High self-esteem contributes to an overall sense of psychological well-being, mainly because high self-esteem seems to be linked to feelings of optimism, and of being able to exert some control over events. High self-esteem is also linked to being able to face difficulties and setbacks in life, whereas low self-esteem seems to be linked to pessimism and lowered expectations.
Self-esteem is the value we place on ourselves. A high self-esteem is a positive value; a low self-esteem results from attaching negative values to ourselves or some part of ourselves. Some of the questions asked about self-esteem are:
- Where does evaluation of self come from?
- How does self-esteem differ from person to person?
- How is self-esteem enhanced, maintained or protected?
- How is self-esteem measured?
Ten principal ways by which we evaluate ourselves positively
- We have a firm belief in our attributes, accomplishments and abilities.
- We faceourselves honestly but realistically.
- We are willing to listen to other people, but not to be swayed by every different opinion.
- We accept other people’s views, but also recognise that they might be wrong.
- We use others as models, but are not put down if our achievement doesn’t match theirs.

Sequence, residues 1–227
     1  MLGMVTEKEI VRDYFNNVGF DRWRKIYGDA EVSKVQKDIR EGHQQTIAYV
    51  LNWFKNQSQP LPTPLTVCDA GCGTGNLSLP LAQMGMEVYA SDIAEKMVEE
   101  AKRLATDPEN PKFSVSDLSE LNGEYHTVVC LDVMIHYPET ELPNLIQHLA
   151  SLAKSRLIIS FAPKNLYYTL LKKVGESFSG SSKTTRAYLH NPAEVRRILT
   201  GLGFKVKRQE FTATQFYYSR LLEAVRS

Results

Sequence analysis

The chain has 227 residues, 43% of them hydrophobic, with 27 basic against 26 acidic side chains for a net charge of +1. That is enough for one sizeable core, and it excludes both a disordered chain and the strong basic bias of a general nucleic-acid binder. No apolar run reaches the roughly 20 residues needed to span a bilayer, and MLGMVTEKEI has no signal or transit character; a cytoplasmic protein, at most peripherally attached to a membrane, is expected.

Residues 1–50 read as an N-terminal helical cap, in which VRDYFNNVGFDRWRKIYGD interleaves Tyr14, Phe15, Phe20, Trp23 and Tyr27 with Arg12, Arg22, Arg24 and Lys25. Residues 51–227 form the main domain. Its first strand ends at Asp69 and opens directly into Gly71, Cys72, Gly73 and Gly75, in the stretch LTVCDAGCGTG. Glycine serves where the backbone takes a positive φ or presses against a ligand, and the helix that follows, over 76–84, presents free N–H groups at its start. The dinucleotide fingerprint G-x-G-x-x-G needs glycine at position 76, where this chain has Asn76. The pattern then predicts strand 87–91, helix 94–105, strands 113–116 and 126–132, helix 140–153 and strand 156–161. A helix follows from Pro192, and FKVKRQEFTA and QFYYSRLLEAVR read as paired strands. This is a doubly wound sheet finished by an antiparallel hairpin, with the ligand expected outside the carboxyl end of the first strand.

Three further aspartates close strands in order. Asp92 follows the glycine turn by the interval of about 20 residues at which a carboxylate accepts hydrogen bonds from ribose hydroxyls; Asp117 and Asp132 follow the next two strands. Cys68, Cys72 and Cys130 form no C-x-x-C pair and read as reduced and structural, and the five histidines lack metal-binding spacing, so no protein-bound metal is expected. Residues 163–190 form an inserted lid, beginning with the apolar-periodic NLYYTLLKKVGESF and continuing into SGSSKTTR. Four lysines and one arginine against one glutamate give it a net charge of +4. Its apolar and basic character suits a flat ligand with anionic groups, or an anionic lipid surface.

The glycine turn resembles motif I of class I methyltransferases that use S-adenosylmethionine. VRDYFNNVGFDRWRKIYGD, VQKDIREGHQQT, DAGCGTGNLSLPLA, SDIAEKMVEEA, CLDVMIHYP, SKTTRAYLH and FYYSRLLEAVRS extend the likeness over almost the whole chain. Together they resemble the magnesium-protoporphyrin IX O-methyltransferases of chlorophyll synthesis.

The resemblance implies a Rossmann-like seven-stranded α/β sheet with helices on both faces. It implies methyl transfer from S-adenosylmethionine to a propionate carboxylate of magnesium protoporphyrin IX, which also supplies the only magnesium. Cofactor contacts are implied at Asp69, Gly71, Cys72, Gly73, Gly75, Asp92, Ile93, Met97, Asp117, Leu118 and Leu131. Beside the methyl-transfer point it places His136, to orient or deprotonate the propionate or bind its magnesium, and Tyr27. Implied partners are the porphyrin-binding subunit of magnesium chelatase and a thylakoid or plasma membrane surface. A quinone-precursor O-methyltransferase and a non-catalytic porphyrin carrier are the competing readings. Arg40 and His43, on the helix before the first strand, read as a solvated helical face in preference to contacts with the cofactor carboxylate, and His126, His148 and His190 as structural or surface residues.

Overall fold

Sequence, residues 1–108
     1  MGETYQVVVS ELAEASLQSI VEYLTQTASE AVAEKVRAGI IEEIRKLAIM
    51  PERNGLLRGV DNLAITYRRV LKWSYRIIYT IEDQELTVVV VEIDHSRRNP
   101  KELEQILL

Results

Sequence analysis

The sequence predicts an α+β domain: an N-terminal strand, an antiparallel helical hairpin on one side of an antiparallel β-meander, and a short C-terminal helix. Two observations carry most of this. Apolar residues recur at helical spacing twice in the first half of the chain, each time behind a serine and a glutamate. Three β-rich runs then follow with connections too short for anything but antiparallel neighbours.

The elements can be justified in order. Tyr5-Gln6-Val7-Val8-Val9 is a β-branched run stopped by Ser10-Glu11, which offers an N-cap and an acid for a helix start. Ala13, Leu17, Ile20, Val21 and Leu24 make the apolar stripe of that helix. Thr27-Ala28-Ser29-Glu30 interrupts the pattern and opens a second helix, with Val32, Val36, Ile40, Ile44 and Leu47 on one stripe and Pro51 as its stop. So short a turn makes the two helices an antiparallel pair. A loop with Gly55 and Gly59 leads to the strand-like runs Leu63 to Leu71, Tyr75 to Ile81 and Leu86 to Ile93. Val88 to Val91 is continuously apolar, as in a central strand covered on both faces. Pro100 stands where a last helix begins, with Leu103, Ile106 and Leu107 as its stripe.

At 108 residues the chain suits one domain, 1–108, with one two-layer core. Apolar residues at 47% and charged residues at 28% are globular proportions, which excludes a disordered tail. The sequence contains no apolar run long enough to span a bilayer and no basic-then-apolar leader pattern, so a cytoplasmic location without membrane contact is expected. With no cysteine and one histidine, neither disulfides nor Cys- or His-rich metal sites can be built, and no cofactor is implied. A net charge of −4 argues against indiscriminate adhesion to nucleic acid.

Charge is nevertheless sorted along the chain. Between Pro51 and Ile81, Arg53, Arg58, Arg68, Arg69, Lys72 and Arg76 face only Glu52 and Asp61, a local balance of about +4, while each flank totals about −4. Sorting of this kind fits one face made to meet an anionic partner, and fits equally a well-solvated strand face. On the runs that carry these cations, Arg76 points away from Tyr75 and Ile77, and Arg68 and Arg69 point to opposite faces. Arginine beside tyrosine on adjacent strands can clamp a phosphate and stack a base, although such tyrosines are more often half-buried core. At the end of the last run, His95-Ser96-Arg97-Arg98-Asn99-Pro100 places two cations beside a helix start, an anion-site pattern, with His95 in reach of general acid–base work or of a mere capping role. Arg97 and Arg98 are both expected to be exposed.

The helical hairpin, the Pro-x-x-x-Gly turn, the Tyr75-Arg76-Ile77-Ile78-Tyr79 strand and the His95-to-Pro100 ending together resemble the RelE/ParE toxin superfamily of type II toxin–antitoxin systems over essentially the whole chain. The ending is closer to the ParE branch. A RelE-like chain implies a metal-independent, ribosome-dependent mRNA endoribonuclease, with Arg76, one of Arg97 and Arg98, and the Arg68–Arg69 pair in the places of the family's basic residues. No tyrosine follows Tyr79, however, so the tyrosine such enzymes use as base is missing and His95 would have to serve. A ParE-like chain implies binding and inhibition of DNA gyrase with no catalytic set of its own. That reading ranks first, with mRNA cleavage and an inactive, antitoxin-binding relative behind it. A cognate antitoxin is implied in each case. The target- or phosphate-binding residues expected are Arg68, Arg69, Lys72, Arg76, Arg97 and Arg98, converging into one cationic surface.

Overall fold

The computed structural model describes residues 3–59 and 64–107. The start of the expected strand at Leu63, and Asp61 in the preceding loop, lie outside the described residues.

- We are able to learn from self-perception and self-evaluation, and change, but are not a psychological chameleon.
- We are aware of the effects of our behaviour on other people; we have a public conscience.
- We are able to take a positive view of self and life.
- We are able to set clear goals and work steadily towards them.
- We are not overwhelmed by our faults and failings, but do something to overcome them.
Ten principal ways by which we evaluate ourselves negatively
- We compare ourselves unfavourably with other people.
- We denigrate ourselves in a global way, rather than saying, ‘I am not good at (for example) DIY, but I am good at (for example) playing the piano.’
- We say to ourselves and others, ‘I’m not worth very much, but you are.’
- We believe that other people have a right to exist, but not us.
- We believe what other people say about us.
- We rely too much on the approval of other people, such as our peers.
- We rely on being popular, which may be at the expense of self-worth.
- We believe that our success is due to luck, while other people’s success is due to ability.
- We believe that being servile, submissive and passive are correct ways of behaving.
- We believe that other people, particularly those in authority, are always right.
Deciding to be yourself
Don’t believe that everything famous people say or have said must be correct. Sigmund Freud, and other psychologists, as well as prominent people in other spheres, such as theology, supported the idea that women are ‘failed’ or ‘defective’ men; creatures of lesser ability, and less creative. Freud further believed that when a woman was competent and self-assured, or intelligent, that she was striving to be a man, suffering from what he called a ‘masculine complex’. Carl Jung did not go as far as Freud, but he saw men as the creators and women as their assistants.